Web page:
The fact that BANK1 was identified as a partner of LYN (4), a Src tyrosine kinase, led us to test whether BANK1 would show a similar interaction with Blk, also a Src tyrosine kinase. We found that BANK1 and BLK co-immunoprecipitated each other in co-transfected HEK293T cells (Figure 1a,b). As the products of co-transfection could result in an enhanced artifactual binding, we then tested whether the endogenous proteins co-immunoprecipitate in the B-cell line Daudi and in isolated naïve B cells. We demonstrated co-immunoprecipitation between the endogenous BANK1 and BLK in the B-cell line (Figure 1c) and in primary, naïve B-cells (Figure 1d). We further showed that the binding was enhanced by stimulation through the B-cell receptor using anti-IgM antibodies (Figure 1c,d) suggesting that activation of BANK1 or BLK may be required to enhance protein-protein interaction.
BANK1 is classified as an adaptor/scaffold protein and as such, could function to direct other molecules towards specific sub-cellular compartments. Confocal microscopy showed that both BANK1 and BLK co-localized in the cytoplasm when co-expressed (Figure 2a–d). Interestingly, BLK localized preferentially to the plasma membrane in the absence of BANK1 (Figure 2e–g) while it was mostly retained in the cytoplasm when BANK1 was co-expressed in the same cell (Figure 2g). In fact, BLK was located at the plasma membrane in 95% of cells when the protein was expressed alone contrary to 27% of cells co-expressing both BLK and BANK1 (Figure 2h). Our results suggest that BANK1 could modulate the subcellular localization of BLK, which would be in agreement with the function of BANK1 as an adaptor/scaffold protein.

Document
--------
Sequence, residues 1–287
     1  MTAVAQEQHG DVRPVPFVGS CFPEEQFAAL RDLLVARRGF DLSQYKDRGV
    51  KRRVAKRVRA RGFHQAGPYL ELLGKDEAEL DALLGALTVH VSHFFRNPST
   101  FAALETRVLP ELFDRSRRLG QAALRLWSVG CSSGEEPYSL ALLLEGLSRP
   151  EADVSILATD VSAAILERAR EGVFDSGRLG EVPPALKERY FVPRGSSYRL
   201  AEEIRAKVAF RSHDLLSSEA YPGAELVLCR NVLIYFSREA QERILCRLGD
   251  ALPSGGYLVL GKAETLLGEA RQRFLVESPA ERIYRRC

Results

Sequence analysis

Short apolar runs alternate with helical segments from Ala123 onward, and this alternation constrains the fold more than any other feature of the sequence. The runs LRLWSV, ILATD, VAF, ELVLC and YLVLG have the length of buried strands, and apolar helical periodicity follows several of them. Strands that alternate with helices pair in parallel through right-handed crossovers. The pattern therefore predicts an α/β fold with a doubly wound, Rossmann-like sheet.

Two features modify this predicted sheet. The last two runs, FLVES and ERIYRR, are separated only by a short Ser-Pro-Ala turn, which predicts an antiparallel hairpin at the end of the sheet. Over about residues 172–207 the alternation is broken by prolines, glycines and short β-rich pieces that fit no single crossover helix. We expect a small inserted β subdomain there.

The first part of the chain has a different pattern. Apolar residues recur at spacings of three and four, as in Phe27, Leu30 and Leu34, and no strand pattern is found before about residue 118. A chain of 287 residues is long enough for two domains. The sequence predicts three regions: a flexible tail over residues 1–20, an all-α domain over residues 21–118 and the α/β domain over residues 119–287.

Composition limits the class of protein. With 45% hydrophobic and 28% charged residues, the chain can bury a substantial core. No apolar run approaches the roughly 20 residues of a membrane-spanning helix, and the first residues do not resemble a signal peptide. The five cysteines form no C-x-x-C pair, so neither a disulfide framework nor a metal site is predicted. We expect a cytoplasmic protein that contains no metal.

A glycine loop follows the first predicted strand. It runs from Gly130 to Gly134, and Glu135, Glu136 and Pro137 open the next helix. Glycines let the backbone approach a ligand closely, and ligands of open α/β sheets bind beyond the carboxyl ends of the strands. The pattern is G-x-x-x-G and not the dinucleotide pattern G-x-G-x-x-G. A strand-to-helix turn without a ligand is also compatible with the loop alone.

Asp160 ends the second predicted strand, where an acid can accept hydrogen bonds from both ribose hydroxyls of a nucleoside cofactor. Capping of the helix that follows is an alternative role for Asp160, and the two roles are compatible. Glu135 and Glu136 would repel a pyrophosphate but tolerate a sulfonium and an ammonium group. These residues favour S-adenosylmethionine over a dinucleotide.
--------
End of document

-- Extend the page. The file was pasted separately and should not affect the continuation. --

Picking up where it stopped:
Here, we demonstrate that two SLE susceptibility genes showing a genetic interaction, namely BANK1 and BLK, also interact physically.
We used the GPAT16 method to test for associated genotypic interactions, a method in principle similar to the Multifactor Dimensionality Reduction (MDR) (16) and slightly more powerful than standard algorithms (17). According to simulations, GPAT16 is at least as powerful as the method of Marchini, et al. (18). The GPAT16 method enumerates exhaustively genetically relevant genotype combinations under dominant and recessive inheritance models, resembling the Batesonian definition of epistasis. This method is different from methods that consider the Fisherian definition of epistasis such as that implemented in PLINK (19), which test the interaction term in a logistic regression model.
The genetic interactions between BANK1 and BLK observed in the North European and European data sets follow a recessive model for the BANK1 genotypes (rs10516483 CC or rs10516487 GG) and a dominant model for BLK (rs2736340 TT+TC) genotypes. The interactions described here were not observable using logistic regression as implemented in PLINK (19) (supplementary Table 2), except for a weak significant interaction using the discovery set.
True epistatic interactions have been very difficult to detect and replicate (20, 21). We observed in the North European set a strong epistatic effect. As there is no established P-value for genetic interaction analysis, we used replication with independent sets of cases and controls. We replicated some of the epistatic effects (represented by the Pe value) that however did not reach our stringent Pe limit of <10−3 (22). Due to the computational characteristics of the method, a meta-analysis cannot be done.
We chose to study the interaction between BANK1 and BLK because of their functional interest in relation with SLE and their role in B-cell signaling. We believe that this way of analyzing genetic interactions fits our purpose of prioritizing candidate interacting genes for biological validation (23–25). In fact, a recent paper by Sun, et al. (25) analyzed human genome protein-protein interactions and found that physical connections were preferentially involved in gene-gene interactions. Thus, we believe that statistical genetics may guide the identification of true functional pathways in complex diseases.